Delicious, succulent, great venison recipes start with good care of your game meat. It really starts with the quick and humane kill of your trophy deer. Then you need to find your deer and remove all entrails, wind pipe and sex organs as soon as possible. Care must be taken here to keep your venison meat free of all contaminants. Be careful not to puncture the stomach, intestines, or bladder when field-dressing your deer. If you do; wash off the affected area as soon as possible. I always have fresh water nearby to wash off any contaminated meat. I keep a container of water by all of my hunting stand sites. Refer to my video linked on the home page or it is also linked on the trophy deer harvest page for more tips on this.
Protect Your Venison
You will need to remove your deer from your hunting area; take care not bruise the meat any more. You also need to remove the hide and cool it down as soon as possible. Then protect the meat from insects (wrap in several layers of cheesecloth) and other animals (dogs and coyotes mainly). If you remove the hide while the deer is still warm, it will come off much easier than when it has cooled down completely. You then need to age your venison. Age your venison in a cooler, or a refrigerator on wire racks, quartered, for 10 – 14 days at about 35 to 38 degrees. When you age your venison, the enzymes will break down the cell tissue in the meat. This will help with the flavor and the natural tenderizing process. Then your deer needs to be processed. I butcher my own venison and recommend that deer hunters do their own butchering too. That way you can control the whole process and keep your venison clean. You can and should label your specific cuts of meat. You will want to do this as all venison meat is not alike. Certain cuts require certain cooking methods. As you can imagine, you would not want to cook a cut of tenderloin steak the same as a cut of chuck steak.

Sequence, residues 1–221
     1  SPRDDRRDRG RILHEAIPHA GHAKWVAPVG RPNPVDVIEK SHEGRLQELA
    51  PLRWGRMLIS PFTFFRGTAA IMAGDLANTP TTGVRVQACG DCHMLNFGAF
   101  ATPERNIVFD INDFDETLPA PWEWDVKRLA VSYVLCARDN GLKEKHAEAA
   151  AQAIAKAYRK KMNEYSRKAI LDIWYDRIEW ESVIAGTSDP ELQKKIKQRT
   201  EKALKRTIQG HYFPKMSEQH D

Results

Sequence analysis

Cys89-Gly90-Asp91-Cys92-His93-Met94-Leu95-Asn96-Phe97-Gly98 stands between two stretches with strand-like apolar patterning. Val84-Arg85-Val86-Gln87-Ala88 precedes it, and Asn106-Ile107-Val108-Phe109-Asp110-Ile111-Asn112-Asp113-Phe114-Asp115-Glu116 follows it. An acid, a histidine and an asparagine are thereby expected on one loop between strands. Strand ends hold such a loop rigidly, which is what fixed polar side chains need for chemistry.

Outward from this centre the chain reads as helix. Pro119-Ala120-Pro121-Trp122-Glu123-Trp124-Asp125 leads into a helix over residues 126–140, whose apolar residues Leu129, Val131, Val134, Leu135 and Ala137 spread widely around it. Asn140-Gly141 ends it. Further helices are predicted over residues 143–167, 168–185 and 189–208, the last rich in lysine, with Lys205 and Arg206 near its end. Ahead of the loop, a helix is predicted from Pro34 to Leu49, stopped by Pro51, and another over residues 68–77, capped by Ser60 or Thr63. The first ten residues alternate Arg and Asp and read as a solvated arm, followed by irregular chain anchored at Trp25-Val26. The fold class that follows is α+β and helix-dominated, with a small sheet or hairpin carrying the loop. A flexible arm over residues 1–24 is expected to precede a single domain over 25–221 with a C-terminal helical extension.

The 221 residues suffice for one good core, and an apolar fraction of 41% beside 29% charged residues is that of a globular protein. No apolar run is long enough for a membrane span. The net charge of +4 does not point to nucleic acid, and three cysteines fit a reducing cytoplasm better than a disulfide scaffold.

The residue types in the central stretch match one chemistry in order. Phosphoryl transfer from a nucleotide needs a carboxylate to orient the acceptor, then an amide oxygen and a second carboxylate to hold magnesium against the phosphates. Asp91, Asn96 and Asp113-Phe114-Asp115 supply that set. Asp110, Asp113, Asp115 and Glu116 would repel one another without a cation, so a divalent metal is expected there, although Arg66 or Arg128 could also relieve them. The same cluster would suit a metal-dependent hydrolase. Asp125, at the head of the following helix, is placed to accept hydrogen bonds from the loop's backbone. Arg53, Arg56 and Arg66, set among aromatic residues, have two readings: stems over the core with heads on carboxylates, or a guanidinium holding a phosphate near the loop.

Using a Food Savor Vacuum Packer
As I butcher my venison I pack the meat in plastic freezer bags and seal them with a food saver, it vacuum packs and seals my venison. I highly recommend using one. By using a food-saver your frozen venison will last almost twice as long then using just freezer wrap alone. The main advantage of using a vacuum packer is that the meat will not dry out or suffer from freezer burn as soon as it would if wrapping in freezer paper.
Venison Deer Meat
Venison is very lean meat, somewhat dry. It can be up to 95% lean. When preparing, remove all the white fat and gristle; the thick silver skin that covers some of the meat. If venison is overcooked or cooked well done, it will dry out and not be very palatable. Over cooking venison may also lead to that “gamey” taste.
Venison Meat Tenderizer
This style tenderizer is great to use on any meat. It has 36 sharp surgical style blades that slice thought the venison, to break up the fibrous celled muscle tissues of the meat.
The Art of Venison Cooking